Leptin influences bone formation centrally through the hypothalamus and peripherally by acting on osteoblasts or their precursors. However, neither mechanism explains the divergent, gender-specific correlation between leptin and bone mineral density in humans. Although leptin is a potent regulator of pro-inflammatory immune responses, a potential role for leptin as an osteoimmunologic intermediate in bone metabolism has not been tested. Mice with myeloid-specific ablation of the long-form leptin receptor (ObRb) were generated using mice expressing cre-recombinase from the lysoszyme M promoter. At 12 weeks of age, the conditional knockout mice did not display any appreciable phenotype. However, at 52 weeks 2 changes were noted. First, there was a mild increase in liver inflammation. Second, a gender-specific, divergent bone phenotype was observed. Female mice displayed a consistent trend toward decreased trabecular bone parameters including reductions in bone volume fraction, trabecular number, and bone mineral content as well as a significant increase in marrow adipogenesis. Conversely, male mice lacked trabecular changes, but had statistically significant increases in cortical bone volume, thickness, and bone mineral density with equivalent total cortical volume. Since the year 2000, over 25 studies on more than 10000 patients have sought to determine the correlation between leptin and bone mineral density. The results revealed a gender-specific correlation similar to that observed in our LysM transgenic animals. We hypothesize and show new evidence that regulation of myeloid lineage cells by leptin may facilitate their actions as an osteoimmunologic intermediate and contribute to leptin-regulated bone formation and metabolism in a gender-specific manner.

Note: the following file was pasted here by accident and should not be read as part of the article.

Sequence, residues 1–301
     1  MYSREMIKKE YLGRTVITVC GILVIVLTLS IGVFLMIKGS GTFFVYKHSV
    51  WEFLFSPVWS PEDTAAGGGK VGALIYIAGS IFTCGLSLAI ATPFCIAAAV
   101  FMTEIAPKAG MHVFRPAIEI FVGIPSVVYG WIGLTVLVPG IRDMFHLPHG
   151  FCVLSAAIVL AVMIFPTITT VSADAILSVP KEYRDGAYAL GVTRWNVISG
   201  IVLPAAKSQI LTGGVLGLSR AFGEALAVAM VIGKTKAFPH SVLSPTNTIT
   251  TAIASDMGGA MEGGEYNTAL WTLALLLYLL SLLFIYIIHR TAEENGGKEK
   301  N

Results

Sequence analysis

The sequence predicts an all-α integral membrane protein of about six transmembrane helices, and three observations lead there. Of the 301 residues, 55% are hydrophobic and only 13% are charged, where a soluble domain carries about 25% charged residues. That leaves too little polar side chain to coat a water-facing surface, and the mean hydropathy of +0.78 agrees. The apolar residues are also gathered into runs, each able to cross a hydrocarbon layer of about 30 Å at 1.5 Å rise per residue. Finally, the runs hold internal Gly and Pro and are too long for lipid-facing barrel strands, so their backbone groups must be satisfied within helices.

Original languageEnglish
Pages (from-to)1-5
Number of pages5
JournalHormone and Metabolic Research
Issue number1
StatePublished - 2012


  • adipokines
  • bone mineral density
  • cytokines
  • leptin
  • macrophages
  • osteoimmunology


Dive into the research topics of 'A potential role for the myeloid lineage in leptin-regulated bone metabolism'. Together they form a unique fingerprint.

Cite this